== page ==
Meet PAN Advocate Kimerly Coshow, Ph.D.

Periodically PAN highlights one of our tireless volunteer advocates. PAN thanks all our advocates for your commitment and contributions to the Parkinson’s community. This week we are highlighting Kimerly Coshow, North Florida State Director.

Despite a Parkinson’s diagnosis at a young age, Kimerly (Kim) Coshow has managed to keep a very positive attitude. 

“Life is a comedy routine, you can either choose to participate in the comedy or not,” she said.

Kim was diagnosed with Parkinson’s disease in 2002. Shortly afterward, her grandmother lost her battle with the disease. It was a trying time for Kim, who said she was juggling being a mother of a young child and managing two businesses. She said using advocacy as an outlet really helped her manage her disease and bring hope to others. 

Currently, Kim serves as the North Florida State Director and is also on the PAN Grassroots Advisory Board. The board is a group of 10 grassroots leaders who participate in various aspects of PAN’s decision making and provide critical feedback about the evolving needs of the Parkinson’s community. She was also an instrumental part of re-launching PAN’s grassroots program in 2012.

But Kim’s true passion is her community work in St. Augustine, Florida. In her small Florida community, Kim has organized fundraisers, awareness events, and support groups. In fact, one of her fundraising walks called, Flip Flop Til You Drop, became such a successful event that eventually outgrew its space on the beaches of St. Augustine. 

She’s also used her creativity to come up with different ways to raise funds for PAN and the National Parkinson Foundation. One example of her creativity has been her initiative to collect and sell old conference t-shirts. She and Michelle Lane, PAN’s Louisiana State Director, have teamed up to ask people who attend various Parkinson’s related conferences and walks around the country to send them extra boxes of t-shirts. Kim and Michelle then sell those t-shirts and send the proceeds to organizations like PAN.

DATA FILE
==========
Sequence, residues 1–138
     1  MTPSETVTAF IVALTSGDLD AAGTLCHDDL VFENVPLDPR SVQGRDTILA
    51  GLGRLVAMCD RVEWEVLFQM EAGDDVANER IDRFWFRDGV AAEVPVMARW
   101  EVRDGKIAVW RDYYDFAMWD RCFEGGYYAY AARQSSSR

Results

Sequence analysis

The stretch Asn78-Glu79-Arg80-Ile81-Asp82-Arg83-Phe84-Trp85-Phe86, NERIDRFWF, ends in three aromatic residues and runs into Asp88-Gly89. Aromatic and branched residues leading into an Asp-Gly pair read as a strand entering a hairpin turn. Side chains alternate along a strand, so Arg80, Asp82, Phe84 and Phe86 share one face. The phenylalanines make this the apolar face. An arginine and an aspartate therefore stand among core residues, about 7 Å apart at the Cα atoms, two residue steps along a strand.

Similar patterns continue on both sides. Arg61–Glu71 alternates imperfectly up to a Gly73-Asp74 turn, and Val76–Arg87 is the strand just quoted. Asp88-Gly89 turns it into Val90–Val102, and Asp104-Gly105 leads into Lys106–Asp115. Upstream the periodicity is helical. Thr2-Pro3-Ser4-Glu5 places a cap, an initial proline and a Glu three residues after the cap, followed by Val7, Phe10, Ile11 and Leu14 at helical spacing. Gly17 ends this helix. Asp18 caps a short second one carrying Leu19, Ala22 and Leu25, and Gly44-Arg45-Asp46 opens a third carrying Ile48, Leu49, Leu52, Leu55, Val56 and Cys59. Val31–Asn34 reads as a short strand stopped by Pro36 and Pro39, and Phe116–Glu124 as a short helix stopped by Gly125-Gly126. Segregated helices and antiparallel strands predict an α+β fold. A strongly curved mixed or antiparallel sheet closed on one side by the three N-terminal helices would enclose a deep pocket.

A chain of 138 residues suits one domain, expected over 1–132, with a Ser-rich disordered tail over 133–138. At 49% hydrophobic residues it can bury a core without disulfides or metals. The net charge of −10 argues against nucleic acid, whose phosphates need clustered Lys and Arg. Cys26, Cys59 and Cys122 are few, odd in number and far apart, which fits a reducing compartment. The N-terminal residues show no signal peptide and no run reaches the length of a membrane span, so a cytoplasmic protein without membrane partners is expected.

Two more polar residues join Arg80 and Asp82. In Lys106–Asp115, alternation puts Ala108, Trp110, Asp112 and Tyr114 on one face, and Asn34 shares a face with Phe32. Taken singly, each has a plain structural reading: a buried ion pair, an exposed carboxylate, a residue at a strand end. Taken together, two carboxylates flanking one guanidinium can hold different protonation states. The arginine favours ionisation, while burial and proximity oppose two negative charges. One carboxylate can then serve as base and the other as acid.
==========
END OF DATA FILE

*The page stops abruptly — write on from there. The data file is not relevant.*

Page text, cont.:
Kim (left) speaks to attendees at the PAN booth at the
2013 Southeastern Parkinson Disease Conference in Atlanta, Georgia.

“Without fundraising, we would have little ability to carry our voices any further than our local communities,” Kim said. 

In addition to her fundraising work, Kim said she’s enjoyed working with Members of Congress and their staff in Florida. She encourages people who are just getting involved in advocacy to not to be intimidated by the idea of meeting with an elected official and instead think of themselves as their partners. 

“Never give up, and always be a positive representative of PAN,” Kim said. “You are also a constituent and you have a right to contact a Member of Congress and voice your feelings about specific issues, and never take no for an answer.”


To contact Kim or other PAN advocates, visit

Date originally posted:  January 3, 2014.